I will probably be in charge, or at least not a slave, when push comes to shove. Over the years, Huffman has become increasingly concerned about basic American political stability and the risk of large-scale unrest.
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In building Reddit, a community of thousands of discussion threads, into one of the most frequently visited sites in the world, Huffman has grown aware of the way that technology alters our relations with one another, for better and for worse. He has witnessed how social media can magnify public fear. Long before the financial crisis became front-page news, early signs appeared in user comments on Reddit.
They were worried about student debt. They were worried about debt in general. Those impulses are not as contradictory as they seem. Technology rewards the ability to imagine wildly different futures, Roy Bahat, the head of Bloomberg Beta, a San Francisco-based venture-capital firm, told me. It can inspire radical optimism—such as the cryonics movement, which calls for freezing bodies at death in the hope that science will one day revive them—or bleak scenarios.
In recent years, survivalism has been edging deeper into mainstream culture. A survey commissioned by National Geographic found that forty per cent of Americans believed that stocking up on supplies or building a bomb shelter was a wiser investment than a k. Conservative devotees, who accused Obama of stoking racial tensions, restricting gun rights, and expanding the national debt, loaded up on the types of freeze-dried cottage cheese and beef stroganoff promoted by commentators like Glenn Beck and Sean Hannity.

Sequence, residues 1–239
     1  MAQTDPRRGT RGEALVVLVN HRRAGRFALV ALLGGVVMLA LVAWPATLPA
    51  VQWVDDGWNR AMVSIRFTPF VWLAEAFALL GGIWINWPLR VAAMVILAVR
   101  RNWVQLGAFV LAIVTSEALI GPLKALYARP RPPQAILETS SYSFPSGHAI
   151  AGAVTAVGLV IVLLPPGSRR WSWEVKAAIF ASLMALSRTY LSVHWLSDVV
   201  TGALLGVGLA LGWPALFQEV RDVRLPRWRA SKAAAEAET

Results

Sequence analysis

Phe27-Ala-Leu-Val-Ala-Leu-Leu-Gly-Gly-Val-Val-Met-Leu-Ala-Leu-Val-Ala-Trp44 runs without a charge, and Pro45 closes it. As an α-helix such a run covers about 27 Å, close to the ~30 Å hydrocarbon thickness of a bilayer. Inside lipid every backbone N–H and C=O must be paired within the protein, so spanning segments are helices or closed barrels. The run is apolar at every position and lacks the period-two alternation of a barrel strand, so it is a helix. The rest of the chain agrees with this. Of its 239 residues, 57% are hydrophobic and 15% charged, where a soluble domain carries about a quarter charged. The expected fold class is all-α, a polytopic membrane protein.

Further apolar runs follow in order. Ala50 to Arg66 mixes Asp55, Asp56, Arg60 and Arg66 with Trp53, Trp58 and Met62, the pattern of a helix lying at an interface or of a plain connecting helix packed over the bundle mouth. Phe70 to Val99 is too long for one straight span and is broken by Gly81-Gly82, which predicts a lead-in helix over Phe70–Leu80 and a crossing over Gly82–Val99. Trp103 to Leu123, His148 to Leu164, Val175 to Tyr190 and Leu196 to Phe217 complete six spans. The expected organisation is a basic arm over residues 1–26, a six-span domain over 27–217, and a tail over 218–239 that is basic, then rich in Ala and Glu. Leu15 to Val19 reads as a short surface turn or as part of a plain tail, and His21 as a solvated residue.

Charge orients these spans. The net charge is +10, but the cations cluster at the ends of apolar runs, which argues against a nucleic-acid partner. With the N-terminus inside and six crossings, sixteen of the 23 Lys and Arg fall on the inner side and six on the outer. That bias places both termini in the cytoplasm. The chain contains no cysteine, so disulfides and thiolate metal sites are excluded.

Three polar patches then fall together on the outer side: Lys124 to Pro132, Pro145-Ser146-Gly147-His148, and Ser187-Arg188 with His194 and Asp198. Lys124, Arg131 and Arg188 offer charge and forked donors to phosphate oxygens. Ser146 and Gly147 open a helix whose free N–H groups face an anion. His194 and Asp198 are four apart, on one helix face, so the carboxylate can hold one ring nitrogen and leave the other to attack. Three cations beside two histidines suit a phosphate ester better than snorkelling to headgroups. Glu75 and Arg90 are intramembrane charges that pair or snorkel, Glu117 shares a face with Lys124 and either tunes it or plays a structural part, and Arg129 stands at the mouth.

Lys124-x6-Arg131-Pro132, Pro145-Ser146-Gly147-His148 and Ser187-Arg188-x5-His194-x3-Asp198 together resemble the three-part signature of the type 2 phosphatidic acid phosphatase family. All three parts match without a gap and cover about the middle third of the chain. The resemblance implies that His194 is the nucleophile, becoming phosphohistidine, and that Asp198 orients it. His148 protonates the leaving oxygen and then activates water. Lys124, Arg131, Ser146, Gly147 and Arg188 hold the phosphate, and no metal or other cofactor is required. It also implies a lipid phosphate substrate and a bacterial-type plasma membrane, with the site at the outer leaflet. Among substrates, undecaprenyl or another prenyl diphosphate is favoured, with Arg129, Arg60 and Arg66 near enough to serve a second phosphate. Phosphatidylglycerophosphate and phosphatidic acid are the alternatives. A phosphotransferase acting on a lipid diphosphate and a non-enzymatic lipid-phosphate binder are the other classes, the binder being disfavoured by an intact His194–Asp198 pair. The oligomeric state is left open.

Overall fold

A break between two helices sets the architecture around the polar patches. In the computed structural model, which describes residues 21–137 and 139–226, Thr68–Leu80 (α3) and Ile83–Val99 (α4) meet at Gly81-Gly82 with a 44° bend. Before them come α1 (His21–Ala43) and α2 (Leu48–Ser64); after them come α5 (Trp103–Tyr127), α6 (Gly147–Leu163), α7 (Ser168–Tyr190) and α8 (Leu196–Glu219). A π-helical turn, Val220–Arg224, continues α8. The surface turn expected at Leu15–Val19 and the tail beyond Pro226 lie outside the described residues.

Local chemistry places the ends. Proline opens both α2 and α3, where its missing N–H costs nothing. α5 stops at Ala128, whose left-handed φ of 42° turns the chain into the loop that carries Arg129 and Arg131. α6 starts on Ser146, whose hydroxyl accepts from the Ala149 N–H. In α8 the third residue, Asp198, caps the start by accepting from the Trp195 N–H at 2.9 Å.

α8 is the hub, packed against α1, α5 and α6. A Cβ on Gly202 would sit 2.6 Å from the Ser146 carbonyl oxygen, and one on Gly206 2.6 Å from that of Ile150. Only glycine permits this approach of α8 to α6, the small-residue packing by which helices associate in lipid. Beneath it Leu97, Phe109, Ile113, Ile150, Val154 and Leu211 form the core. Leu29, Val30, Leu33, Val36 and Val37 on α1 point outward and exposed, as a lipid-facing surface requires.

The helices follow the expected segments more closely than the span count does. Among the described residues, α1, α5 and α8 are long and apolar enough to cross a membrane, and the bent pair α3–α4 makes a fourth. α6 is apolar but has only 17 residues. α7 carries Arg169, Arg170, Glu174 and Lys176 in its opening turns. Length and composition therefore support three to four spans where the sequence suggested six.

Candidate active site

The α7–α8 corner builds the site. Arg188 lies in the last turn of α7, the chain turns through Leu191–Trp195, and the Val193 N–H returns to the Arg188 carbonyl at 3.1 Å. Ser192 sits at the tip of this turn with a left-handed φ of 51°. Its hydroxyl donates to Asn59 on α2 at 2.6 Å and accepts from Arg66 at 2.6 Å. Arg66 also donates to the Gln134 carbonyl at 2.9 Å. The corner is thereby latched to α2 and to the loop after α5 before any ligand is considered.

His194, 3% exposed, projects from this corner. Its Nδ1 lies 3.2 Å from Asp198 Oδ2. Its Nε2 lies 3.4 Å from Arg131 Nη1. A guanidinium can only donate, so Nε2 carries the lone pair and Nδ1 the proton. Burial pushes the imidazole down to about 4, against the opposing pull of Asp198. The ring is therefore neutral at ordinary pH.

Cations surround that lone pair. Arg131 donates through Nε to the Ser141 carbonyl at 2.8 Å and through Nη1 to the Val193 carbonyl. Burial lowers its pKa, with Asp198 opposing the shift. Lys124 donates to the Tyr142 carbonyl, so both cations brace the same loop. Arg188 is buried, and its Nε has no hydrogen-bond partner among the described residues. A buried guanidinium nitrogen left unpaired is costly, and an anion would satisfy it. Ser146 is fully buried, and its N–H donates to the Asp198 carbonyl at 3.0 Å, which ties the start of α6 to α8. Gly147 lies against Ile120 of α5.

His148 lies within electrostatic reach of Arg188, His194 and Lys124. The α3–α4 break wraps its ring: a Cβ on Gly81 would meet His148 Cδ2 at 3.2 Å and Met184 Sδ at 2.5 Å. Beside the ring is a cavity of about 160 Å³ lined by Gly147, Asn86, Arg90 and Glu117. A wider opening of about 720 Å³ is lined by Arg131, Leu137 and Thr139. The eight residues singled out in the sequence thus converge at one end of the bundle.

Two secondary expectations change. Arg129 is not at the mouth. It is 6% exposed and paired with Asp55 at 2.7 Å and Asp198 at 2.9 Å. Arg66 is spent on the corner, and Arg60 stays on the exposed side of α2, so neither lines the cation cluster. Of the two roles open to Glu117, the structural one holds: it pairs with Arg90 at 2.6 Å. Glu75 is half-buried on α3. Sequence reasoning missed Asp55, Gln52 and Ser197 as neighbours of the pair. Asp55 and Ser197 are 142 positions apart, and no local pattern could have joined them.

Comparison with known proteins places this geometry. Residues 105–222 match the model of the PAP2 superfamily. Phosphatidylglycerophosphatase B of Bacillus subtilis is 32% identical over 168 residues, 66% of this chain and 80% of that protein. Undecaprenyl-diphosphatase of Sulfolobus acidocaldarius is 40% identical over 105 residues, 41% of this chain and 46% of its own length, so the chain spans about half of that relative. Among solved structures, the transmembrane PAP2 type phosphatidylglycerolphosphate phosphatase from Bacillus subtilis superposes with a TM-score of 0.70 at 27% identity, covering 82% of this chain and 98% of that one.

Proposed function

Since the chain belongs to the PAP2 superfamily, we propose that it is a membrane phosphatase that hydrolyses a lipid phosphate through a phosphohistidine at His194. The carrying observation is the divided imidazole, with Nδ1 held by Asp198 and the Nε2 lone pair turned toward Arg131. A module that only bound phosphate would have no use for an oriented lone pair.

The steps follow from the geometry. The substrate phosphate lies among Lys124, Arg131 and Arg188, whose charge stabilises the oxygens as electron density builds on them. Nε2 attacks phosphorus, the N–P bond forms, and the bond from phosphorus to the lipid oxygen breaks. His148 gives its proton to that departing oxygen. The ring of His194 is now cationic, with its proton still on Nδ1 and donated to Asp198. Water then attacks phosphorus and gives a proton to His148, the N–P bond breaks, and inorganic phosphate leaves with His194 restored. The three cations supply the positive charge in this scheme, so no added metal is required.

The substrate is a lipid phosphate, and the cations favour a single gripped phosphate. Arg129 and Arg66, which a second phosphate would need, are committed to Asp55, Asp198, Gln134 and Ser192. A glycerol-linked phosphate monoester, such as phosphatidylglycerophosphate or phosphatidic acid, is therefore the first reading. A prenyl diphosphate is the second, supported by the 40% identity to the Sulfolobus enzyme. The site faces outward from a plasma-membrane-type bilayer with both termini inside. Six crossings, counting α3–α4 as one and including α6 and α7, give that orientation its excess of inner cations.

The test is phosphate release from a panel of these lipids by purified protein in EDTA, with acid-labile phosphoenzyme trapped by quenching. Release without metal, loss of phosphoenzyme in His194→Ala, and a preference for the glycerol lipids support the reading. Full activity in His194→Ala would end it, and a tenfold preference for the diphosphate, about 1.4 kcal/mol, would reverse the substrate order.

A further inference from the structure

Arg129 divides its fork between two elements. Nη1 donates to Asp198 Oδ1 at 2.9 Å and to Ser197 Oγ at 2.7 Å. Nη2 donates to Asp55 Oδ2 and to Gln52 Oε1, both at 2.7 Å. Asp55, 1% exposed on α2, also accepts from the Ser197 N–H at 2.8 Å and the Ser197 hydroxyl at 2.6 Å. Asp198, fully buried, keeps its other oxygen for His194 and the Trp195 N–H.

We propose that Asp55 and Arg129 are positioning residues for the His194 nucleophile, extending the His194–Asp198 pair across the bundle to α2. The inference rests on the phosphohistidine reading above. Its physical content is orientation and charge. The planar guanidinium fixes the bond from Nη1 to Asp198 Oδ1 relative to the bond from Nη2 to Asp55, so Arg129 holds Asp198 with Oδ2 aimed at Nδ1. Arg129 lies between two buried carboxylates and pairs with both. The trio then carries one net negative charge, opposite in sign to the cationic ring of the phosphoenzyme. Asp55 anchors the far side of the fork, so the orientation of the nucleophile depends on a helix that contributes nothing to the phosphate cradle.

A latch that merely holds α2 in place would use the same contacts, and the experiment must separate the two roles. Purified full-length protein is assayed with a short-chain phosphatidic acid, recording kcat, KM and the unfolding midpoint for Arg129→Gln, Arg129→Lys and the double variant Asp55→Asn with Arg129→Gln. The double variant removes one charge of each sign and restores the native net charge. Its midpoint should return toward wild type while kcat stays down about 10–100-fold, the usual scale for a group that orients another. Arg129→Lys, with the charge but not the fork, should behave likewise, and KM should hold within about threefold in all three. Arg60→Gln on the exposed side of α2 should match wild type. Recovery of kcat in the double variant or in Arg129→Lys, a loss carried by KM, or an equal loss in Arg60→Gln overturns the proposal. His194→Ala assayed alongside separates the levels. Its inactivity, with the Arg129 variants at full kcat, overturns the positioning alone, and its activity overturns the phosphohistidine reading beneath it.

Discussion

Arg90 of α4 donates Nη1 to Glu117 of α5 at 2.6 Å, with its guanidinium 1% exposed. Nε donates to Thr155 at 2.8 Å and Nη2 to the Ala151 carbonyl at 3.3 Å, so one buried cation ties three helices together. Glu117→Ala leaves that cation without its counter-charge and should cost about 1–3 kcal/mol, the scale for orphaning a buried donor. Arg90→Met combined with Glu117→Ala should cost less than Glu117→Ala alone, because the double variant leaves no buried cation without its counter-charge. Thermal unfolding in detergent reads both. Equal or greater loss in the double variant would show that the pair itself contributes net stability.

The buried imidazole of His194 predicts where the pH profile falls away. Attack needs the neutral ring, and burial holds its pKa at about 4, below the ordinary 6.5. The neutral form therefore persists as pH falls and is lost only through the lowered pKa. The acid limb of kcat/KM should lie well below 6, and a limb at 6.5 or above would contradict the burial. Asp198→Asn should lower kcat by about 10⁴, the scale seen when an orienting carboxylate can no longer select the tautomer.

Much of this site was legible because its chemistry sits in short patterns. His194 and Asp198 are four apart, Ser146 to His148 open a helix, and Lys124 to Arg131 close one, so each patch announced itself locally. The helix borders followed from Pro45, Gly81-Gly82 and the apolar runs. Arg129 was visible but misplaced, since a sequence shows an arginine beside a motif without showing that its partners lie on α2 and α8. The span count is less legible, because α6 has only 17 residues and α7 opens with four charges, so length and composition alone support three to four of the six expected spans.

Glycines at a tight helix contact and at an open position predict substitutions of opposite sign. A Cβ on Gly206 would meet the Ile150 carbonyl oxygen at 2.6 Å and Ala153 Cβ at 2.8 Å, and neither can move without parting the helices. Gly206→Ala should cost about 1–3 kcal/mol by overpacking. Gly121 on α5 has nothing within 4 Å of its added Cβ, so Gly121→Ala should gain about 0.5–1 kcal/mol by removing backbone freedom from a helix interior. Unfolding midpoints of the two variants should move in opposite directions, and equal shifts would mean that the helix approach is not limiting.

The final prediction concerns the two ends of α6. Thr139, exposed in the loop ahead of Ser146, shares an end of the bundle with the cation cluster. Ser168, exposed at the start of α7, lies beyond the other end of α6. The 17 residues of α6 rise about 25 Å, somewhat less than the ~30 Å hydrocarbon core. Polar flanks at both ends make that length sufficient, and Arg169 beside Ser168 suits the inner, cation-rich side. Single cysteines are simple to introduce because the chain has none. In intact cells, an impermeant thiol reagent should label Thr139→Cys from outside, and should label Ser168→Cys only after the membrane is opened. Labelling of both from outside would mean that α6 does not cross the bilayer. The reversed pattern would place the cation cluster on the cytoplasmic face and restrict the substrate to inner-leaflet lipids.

The fears were different in Silicon Valley. Around the same time that Huffman, on Reddit, was watching the advance of the financial crisis, Justin Kan heard the first inklings of survivalism among his peers. Kan co-founded Twitch, a gaming network that was later sold to Amazon for nearly a billion dollars. But then we got a couple of bags of rice and five cans of tomatoes. We would have been dead if there was actually a real problem. Yishan Wong, an early Facebook employee, was the C.
They consider it a remote event, but one with a very severe downside, so, given how much money they have, spending a fraction of their net worth to hedge against this. How many wealthy Americans are really making preparations for a catastrophe? Sometimes the topic emerges in unexpected ways.
Reid Hoffman, the co-founder of LinkedIn and a prominent investor, recalls telling a friend that he was thinking of visiting New Zealand.
New Zealand, he discovered, is a favored refuge in the event of a cataclysm. Southwestern Connecticut is first. Is it going to turn against technological innovation? Is it going to turn into civil disorder? The C.